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Data Security – It’s Not Always What You Think!

Data Security is the latest buzz word around, moral outrage at its peak over the FaceBook data sharing incident where 87 million records were used by Cambridge Analytica for use in Election campaigns. We pass no moral judgement, so let’s take a step back and have a look in our backyard!

If you consider that your data is yours, then it’s your responsibly to reduce the risk of your data being compromised. The buck stops with you!

Here is our checklist for you to test your own data security standards:

 

Passwords

Passwords are the foundation of data security. Understanding that dumb passwords like “Password, 12345, Your own name” etc are just dumb and can be easily hacked. Use Case sensitive letters and numbers. Pass Phrases are much easier to remember and almost impossible to hack. Here is an example, HSVGTS427Holden. This password if you are a car nit is easy to remember but hard to crack. Or try something like SydneyisGr8today. Easy pass phrases work. We all must have multiple passwords for everything we do.  How do you store them? Well, the piece of paper is not secure, the note in your diary is not secure. Use a professional password system like LastPass

Heard of multi factor or 2 factor authentication? This is an extra layer of protection that once turned on for email and banking etc is added security. Two Factor Authentication, also known as 2FA, two step verification or TFA (as an acronym), is an extra layer of security that is known as “multi factor authentication” that requires not only a password and username but also something that only, and only, that user has on them, i.e. a piece of information only they should know or have immediately to hand – such as a physical token.

Using a username and password together with a piece of information that only the user knows makes it harder for potential intruders to gain access and steal that person’s personal data or identity. You should use this where ever you can.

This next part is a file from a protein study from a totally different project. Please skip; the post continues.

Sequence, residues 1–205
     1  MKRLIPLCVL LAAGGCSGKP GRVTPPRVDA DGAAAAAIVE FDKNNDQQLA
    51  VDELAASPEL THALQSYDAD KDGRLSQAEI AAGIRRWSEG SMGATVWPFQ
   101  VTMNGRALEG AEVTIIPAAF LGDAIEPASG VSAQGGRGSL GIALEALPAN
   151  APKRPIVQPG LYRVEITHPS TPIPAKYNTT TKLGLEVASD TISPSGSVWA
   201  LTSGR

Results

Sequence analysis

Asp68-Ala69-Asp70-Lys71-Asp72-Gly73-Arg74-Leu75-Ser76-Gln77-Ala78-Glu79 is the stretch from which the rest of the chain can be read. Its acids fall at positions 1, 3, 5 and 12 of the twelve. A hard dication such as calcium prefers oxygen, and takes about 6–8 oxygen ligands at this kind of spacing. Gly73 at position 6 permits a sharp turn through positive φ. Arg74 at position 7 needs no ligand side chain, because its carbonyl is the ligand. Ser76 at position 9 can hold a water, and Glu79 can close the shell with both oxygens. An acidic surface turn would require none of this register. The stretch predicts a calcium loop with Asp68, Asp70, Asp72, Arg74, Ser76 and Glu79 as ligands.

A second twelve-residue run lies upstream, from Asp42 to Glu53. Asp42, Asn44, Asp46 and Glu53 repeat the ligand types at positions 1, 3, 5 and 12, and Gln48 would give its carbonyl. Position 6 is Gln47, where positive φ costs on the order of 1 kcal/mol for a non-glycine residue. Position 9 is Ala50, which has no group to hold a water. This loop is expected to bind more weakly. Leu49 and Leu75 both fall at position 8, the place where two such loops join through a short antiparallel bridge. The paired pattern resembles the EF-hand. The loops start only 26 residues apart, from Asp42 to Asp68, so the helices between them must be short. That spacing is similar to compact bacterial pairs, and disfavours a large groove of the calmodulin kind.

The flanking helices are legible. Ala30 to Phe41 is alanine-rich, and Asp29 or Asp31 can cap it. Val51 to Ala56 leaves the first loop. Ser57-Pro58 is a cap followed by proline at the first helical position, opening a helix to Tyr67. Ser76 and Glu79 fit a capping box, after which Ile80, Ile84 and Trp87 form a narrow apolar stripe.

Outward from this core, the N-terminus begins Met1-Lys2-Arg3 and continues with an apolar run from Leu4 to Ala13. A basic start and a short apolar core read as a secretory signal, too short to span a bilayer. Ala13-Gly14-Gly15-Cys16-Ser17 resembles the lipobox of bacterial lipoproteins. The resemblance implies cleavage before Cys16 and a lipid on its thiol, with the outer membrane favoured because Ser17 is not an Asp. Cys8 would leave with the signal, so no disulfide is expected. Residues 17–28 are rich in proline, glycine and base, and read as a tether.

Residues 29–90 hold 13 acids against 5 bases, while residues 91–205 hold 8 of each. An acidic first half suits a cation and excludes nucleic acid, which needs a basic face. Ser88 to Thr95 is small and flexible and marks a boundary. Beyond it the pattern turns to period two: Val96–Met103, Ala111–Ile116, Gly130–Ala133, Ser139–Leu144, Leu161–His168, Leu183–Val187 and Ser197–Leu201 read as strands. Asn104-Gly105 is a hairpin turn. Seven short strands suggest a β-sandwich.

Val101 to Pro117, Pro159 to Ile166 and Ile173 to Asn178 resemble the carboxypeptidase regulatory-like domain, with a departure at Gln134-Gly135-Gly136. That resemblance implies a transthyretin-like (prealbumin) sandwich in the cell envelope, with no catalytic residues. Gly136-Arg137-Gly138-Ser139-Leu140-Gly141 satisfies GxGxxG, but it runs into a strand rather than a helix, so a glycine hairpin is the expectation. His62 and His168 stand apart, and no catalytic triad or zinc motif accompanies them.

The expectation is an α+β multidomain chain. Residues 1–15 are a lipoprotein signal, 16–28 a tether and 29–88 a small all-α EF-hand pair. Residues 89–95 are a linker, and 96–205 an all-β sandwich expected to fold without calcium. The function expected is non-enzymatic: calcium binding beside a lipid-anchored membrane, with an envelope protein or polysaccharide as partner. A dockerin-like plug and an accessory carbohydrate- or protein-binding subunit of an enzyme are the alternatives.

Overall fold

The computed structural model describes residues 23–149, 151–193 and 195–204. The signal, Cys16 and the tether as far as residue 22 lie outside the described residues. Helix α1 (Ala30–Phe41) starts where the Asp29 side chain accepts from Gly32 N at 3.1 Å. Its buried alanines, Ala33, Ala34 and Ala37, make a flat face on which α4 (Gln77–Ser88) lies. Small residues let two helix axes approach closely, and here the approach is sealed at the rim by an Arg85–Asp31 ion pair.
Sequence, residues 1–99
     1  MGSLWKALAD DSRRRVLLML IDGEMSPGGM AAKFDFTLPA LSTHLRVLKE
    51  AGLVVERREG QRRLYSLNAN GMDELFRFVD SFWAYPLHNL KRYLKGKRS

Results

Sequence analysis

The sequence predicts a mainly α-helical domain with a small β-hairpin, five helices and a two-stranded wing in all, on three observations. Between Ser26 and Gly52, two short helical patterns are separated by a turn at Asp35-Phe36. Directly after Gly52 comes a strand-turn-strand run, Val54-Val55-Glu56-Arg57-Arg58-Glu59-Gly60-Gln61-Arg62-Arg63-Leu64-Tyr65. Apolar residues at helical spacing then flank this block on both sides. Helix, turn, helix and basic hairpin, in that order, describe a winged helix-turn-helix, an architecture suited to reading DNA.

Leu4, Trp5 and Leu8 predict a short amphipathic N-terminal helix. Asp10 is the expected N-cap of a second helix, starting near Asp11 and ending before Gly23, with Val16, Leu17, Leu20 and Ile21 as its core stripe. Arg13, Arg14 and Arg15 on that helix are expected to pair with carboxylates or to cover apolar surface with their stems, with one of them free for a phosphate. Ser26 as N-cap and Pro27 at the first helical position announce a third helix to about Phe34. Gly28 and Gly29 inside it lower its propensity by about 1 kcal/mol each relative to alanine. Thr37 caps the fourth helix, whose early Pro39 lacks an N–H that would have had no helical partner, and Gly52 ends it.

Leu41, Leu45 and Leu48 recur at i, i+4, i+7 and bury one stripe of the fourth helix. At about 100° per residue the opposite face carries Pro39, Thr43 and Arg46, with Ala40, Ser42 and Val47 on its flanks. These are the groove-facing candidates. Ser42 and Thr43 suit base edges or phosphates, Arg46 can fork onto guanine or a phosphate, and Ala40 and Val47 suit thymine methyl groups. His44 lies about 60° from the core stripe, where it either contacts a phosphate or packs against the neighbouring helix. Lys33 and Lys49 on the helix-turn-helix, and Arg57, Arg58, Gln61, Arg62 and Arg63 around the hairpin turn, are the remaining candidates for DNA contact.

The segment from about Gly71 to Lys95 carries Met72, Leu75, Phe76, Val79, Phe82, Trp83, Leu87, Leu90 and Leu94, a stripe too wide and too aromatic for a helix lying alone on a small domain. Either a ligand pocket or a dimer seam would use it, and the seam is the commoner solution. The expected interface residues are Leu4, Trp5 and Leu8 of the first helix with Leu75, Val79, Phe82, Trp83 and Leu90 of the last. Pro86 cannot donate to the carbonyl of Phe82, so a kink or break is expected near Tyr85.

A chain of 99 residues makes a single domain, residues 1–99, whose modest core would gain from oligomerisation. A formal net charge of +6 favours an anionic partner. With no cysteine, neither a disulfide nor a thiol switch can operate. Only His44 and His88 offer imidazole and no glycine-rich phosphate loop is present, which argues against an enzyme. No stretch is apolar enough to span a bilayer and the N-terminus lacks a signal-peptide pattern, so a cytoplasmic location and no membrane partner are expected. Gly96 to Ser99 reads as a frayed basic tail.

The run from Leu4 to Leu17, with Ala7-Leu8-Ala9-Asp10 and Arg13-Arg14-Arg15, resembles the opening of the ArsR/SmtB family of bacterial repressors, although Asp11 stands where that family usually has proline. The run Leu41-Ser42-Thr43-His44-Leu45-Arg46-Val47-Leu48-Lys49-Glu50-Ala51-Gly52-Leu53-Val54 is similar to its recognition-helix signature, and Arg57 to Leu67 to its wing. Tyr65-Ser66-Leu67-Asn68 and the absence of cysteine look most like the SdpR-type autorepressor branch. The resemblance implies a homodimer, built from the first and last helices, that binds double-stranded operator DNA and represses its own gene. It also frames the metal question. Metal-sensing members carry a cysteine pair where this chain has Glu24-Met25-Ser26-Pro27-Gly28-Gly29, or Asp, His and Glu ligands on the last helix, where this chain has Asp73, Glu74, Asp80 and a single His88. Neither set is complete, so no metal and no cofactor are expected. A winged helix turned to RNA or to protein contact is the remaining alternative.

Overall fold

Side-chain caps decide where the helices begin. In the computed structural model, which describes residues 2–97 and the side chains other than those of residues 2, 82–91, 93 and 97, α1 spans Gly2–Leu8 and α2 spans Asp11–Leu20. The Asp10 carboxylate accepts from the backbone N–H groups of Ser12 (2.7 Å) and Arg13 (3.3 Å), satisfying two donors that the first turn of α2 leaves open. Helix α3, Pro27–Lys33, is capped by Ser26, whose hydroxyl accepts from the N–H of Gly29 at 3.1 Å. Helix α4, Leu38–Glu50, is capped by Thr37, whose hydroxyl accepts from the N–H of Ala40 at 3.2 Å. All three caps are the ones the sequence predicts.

You can argue that we should not have to go to this effort, but its hard to argue against large companies that secure data in much more robust ways when we don’t do it ourselves.

 

Internet and computer security

The internet is served in your business or home by a Gateway or modem router. These have passwords and they have firewalls. A firewall is like a pegboard – it only lets data through open ports that have been opened by applications. Port 80 is the common one for browsers and internet access. CCTV Systems and remote access tools open more ports. Use this tool on your own IP address to see what ports are open on your gateway: https://mxtoolbox.com/portscan.aspx/

Only have the ports open that are needed. Ask a IT pro to help you with this if you are not sure.

Does your computer start up without a password? What if someone steals it? What if you walk away from your screen and someone accesses your computer? Your computer should have a password. CTR +L will lock your Windows 10 screen. Basic security.

 

Websites and Social Media